Everyday life, not a 'buddhist life'
By paulcrummay, Jan 18 2017 12:00PM
There is much written and spoken about living a ‘Buddhist life’, or a ‘Christian life’ or whatever. We seem, as human beings, to want to label our living and our actions with such names to give them more meaning or to place what we think of as our life and meaning in a particular belief system that can become an identity, both for ourselves and for others to know what we are and where we stand. That is fine as a device for navigating our way around the world and we can’t – nor should we- stop doing that; it is not a problem in itself.
Our difficulty is that we forget we invented the label for our own convenient shorthand, and end up believing in it as a reality. From there is a short step to dividing one part of our self against another (the Buddhist bit against the mundane bit), one person against another, one group against another and one nation against another.
In fact, our life is taking place independently of any label or category, moment by moment and is not in any way subject to that label or invented meaning. As an example, we may imagine the ideal of kindness, personified as a Bodhisattva. In the moment when we help someone out, however, the doer and the recipient disappear, and there is only the action of helping out. We can tell when the calculating observer returns, commenting, usually later when we reflect on what happened there.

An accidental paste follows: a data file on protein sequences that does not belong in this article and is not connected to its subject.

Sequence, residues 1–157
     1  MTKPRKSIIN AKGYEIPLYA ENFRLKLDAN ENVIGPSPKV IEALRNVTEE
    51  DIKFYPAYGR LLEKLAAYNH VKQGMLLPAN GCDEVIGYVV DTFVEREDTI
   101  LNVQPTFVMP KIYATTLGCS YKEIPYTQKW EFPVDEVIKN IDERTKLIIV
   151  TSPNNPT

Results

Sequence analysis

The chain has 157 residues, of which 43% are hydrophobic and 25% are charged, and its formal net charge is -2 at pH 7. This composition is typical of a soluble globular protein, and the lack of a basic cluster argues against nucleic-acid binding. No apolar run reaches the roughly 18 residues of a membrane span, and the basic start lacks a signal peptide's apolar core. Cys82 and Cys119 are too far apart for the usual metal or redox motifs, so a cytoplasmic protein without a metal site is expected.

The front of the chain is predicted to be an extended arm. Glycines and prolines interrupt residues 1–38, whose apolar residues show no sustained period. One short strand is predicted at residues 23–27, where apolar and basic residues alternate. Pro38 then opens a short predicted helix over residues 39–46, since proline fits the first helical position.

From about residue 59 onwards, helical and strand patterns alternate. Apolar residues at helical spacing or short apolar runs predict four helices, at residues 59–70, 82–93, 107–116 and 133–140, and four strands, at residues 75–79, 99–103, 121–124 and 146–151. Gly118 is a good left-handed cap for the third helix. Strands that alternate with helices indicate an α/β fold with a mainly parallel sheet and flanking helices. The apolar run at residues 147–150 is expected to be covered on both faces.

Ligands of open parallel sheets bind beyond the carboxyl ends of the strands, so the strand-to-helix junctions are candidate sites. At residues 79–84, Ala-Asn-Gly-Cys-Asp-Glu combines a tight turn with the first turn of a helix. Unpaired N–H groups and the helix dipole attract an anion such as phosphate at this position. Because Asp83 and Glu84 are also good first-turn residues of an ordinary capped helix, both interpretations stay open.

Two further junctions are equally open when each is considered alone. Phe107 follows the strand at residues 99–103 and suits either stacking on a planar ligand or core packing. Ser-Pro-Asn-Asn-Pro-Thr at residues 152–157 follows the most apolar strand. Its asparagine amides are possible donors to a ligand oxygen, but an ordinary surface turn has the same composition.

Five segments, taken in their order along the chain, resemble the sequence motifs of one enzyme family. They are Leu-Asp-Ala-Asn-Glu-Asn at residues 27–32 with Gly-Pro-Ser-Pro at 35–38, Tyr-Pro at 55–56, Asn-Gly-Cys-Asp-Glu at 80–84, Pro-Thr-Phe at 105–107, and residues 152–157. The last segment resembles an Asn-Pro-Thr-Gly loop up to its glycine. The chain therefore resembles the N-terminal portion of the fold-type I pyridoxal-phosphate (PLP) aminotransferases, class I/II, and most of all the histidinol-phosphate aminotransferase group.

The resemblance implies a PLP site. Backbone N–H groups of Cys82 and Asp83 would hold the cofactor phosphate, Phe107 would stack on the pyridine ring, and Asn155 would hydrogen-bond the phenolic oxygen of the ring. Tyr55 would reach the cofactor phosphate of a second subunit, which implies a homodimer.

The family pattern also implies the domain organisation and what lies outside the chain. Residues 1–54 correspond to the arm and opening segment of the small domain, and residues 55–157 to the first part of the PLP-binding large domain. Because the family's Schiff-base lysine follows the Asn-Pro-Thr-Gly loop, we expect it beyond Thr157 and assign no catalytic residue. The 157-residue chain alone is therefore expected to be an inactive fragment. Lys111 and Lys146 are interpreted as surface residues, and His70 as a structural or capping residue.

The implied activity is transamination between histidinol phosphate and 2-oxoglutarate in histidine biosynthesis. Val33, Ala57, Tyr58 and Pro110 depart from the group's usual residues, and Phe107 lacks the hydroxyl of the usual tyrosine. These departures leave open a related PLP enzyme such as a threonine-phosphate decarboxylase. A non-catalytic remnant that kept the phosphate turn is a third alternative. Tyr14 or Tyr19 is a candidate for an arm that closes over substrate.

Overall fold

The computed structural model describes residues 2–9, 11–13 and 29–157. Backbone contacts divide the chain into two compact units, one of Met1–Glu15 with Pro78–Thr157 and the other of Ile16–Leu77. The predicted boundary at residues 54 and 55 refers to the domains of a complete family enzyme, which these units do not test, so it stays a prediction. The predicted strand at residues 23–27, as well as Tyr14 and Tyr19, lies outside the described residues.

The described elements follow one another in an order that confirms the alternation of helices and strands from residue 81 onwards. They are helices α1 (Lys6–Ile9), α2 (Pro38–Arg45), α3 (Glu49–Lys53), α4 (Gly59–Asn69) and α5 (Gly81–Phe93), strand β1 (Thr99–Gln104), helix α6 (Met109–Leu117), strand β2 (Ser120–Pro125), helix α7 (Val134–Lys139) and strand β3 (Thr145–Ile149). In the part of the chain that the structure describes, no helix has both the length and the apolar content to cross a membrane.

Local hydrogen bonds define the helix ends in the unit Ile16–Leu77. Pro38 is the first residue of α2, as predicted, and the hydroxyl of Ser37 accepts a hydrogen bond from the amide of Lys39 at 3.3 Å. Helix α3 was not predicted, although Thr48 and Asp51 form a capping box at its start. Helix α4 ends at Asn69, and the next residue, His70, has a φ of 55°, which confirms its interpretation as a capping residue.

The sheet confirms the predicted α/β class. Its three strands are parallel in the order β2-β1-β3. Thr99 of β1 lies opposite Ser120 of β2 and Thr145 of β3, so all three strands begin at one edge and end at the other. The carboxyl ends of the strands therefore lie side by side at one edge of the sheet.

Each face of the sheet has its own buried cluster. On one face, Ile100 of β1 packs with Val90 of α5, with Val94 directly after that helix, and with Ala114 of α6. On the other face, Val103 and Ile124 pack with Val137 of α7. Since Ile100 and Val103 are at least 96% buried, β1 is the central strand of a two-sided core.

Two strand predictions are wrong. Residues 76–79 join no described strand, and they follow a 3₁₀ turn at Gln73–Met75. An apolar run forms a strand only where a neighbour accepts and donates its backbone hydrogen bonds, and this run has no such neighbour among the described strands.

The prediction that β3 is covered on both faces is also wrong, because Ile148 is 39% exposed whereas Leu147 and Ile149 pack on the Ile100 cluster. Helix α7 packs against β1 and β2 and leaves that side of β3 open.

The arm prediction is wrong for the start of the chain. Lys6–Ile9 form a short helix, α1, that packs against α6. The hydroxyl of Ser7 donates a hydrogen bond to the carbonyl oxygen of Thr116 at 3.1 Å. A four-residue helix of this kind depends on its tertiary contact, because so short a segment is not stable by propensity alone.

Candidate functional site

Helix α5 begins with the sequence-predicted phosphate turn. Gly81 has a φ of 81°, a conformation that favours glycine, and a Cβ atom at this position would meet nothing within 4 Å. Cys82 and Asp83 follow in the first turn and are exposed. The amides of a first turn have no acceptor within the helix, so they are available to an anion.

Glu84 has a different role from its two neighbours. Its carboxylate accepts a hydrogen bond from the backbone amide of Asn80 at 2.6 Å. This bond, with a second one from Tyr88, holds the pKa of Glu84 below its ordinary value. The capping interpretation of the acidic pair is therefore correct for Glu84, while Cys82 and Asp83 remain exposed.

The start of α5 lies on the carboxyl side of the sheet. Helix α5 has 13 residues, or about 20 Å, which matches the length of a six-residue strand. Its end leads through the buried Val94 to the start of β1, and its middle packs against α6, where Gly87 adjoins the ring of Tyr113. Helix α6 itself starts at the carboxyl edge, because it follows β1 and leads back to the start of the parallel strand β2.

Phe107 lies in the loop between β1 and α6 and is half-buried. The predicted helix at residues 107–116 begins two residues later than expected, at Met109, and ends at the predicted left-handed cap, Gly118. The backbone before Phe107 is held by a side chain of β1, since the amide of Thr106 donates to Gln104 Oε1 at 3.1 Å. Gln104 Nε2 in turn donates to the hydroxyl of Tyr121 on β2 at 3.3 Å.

At least once a day when we sit down to do zazen, we can see directly beyond the labeling mind, as we let go and experience both the true nature of thought and the immediate experience of being alive, air-breathing, heart-beating, sounds in our ears, sitting still, paying direct attention to the detail of our posture.
This is our true reality, our only reality, even when zazen is over and we get on with our day. It is nowhere else, and not to be found later, when we somehow live our ‘Buddhist’ life properly. It is not some faraway transcendent bliss, but it is whatever appears right now, independently of whether it is what we label as ‘bad’ or ‘good’. By sitting still in balance, we can just note whatever thought is going on in mind, in the same way as we note breath, or body tension, or temperature, or thumbs touching, all without judgment. The big thing that happens when we do that for a while is noticing how much and how often we want things to be different, better, or to accord with our ideas of life and meaning. And how quickly, if we conceive of living a ‘Buddhist' life, we want to denounce our actual experience and strive for a purer one.
So, in reality there is only life living life; there is no separate life called a ‘Buddhist’ life. All our practice is aimed at enabling us to take up life-as-it-is fully and completely. We can do this if we change our relationship to what we think and stop believing in our thoughts as having more reality than our actions here and now. It takes effort, and the willingness to reconsider our beliefs.
Buddhist practice, when seen clearly is about un-doing, un-learning, un-conditioning our views and ideas, to make room for the amazing magic of what-is. Wow…